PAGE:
Help for Couples Where One Partner Does All the Talking
I know what you're thinking. I need to learn to speak up. It's a miracle I can even put out the Spritzler Report because of my terminal shyness. I need to come out of my cocoon and blossom into a Bald Eagle.
Help for Couples Where One Partner Does All the Talking
Couples where one person talks a lot more can run into problems. Here’s help.
Elizabeth Bernstein, WSJ
April 4, 2023 8:00 am ET
I recently sat next to a married couple in a restaurant. For most of the meal, the wife kept up a steady chatter: about their kids, their elderly parents, and the family’s upcoming vacation.
Her husband nodded, smiled and even patted her arm. But he hardly said a word.
Suddenly, after more than an hour, the woman stopped talking and glared at him.
“Would you please JUST SAY SOMETHING?!” she demanded. “Your silence is making me crazy.”
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In many relationships, one person speaks less. For some couples, this works out fine. Quiet types are often attracted to chatty partners specifically because they do all the conversational heavy lifting. And some talkative folks are perfectly happy listening to their own voice.
But tensions can sometimes flare when a couple settles into a speaker-listener dynamic. Talkers can become exhausted from doing all the work of informing, entertaining and connecting in the relationship. Quiet partners can get frustrated when they feel misunderstood or can’t get a word in edgewise. And both may end up bored—and resentful.
The good news is that both psychologists and linguists say it’s possible for couples with unbalanced talking styles to recalibrate. But it will take a little work, especially in one key area: the conversational pause.
Our conversational style is influenced by the family and the culture we grew up in. Personality plays a role too. Some people are born talkers. I’m one of them. When I was young, my dad often told me: “Lizzie, you could talk to a tree!” (I do sometimes.)
For talkers, conversation is the glue that holds the relationship together, says Deborah Tannen, a linguistics professor at Georgetown University and author of numerous books on communication, including “You Just Don’t Understand.” They talk to be close to the other person. They process their emotions through talking. And if their partner doesn’t respond much, it can feel like a rejection, or as if the relationship is floundering.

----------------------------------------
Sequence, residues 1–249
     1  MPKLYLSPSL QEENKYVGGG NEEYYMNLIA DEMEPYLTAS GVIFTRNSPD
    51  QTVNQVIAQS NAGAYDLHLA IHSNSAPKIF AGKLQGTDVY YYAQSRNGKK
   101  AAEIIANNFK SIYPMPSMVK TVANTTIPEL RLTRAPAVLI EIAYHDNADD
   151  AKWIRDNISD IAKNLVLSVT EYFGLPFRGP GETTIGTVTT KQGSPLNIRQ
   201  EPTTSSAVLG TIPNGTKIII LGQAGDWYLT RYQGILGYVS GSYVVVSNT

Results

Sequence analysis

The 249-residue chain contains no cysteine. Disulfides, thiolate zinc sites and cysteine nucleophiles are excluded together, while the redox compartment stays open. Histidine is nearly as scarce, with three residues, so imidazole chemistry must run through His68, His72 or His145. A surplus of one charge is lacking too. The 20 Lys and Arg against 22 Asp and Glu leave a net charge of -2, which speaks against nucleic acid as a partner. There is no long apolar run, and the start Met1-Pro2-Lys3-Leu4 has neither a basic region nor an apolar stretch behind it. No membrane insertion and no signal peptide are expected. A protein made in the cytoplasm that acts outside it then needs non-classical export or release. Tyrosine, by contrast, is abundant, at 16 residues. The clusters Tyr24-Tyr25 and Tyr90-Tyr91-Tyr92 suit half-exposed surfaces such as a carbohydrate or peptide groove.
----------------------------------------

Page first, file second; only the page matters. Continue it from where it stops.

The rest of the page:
Quiet types are often baffled by this. They typically process their feelings internally and feel less need to air them out. For them, talk is simply a way to relay information, and being together is what makes them feel close to their partner.
The pause in a conversation is where couples can change this dynamic. Chatty types tend to expect shorter pauses. If a partner doesn’t jump in quickly, they think that he or she doesn’t want to speak and they just keep talking.
Quieter people often need a longer pause to process their thoughts. If they don’t get one, they can think: “You’re not interested in what I have to say.”
For Laurie and Barron Helgoe it’s the pace of the conversation that causes problems. He’s an attorney who talks a lot and expects a response quickly. She’s a psychologist, who wrote a book on introversion, and needs time to think, she says.
“It can sometimes feel like I’m visibly aging between the sound of my last word and my lovely wife’s reply,” says Mr. Helgoe, 61.
The Helgoes, who live in Edina, Minn., have been married for 39 years. In the beginning of their relationship, Mr. Helgoe took his wife’s silence to signal that he should just keep talking.
Over the years, the couple has learned to balance their conversations. When her husband is speaking too fast or intensely for her, Dr. Helgoe, 62, now gives a “time out” sign or tells him to “holster it.” She also explains when she needs more time to respond. And Mr. Helgoe tries to shorten his sentences—and is more careful to listen.
How can couples better balance their conversations? Here are some tips from the experts.
Talk about your differences.
You want to get rid of the blame, Dr. Tannen says. “No one’s style is right,” she says. And a mismatched conversational pace doesn’t mean the relationship is doomed. But you do need to understand each other’s perspective.
If you’re the quiet one, learn to interrupt.
The talker may not realize you are waiting for a pause, so Dr. Tannen recommends you push yourself to start speaking before you feel comfortable. “Talkers are not always eager to do all the talking,” she says. “And you might be amazed when they stop.”
If you’re quiet, narrate your silence.
It’s important to show your partner that you’re listening and engaged, says Marissa Nelson, a licensed marriage and family therapist in Washington, D.C., who helps couples cope with communication problems. A simple “I hear you” will do.
It will also help to explain that you need more time to process your thoughts, she says. This will help remind your partner to slow down. And be reassuring.
If you’re the talker, lengthen your pauses.
What feels like a long-enough break in your thoughts to you may be too short for your quieter partner. If you find it difficult to slow down, try counting to seven, Dr. Tannen suggests.
You can also simply ask: “Do you have something you’d like to say, or should I keep going?”
If you’re the talker, consider zipping it.
Try shorter sentences, speaking in paragraphs and sticking to one topic at a time.
But the occasional silence is OK, too. “Leave a little space so your partner can step into it,” Dr. Tannen says.
Write to Elizabeth Bernstein at Elizabeth.Bernstein@wsj.com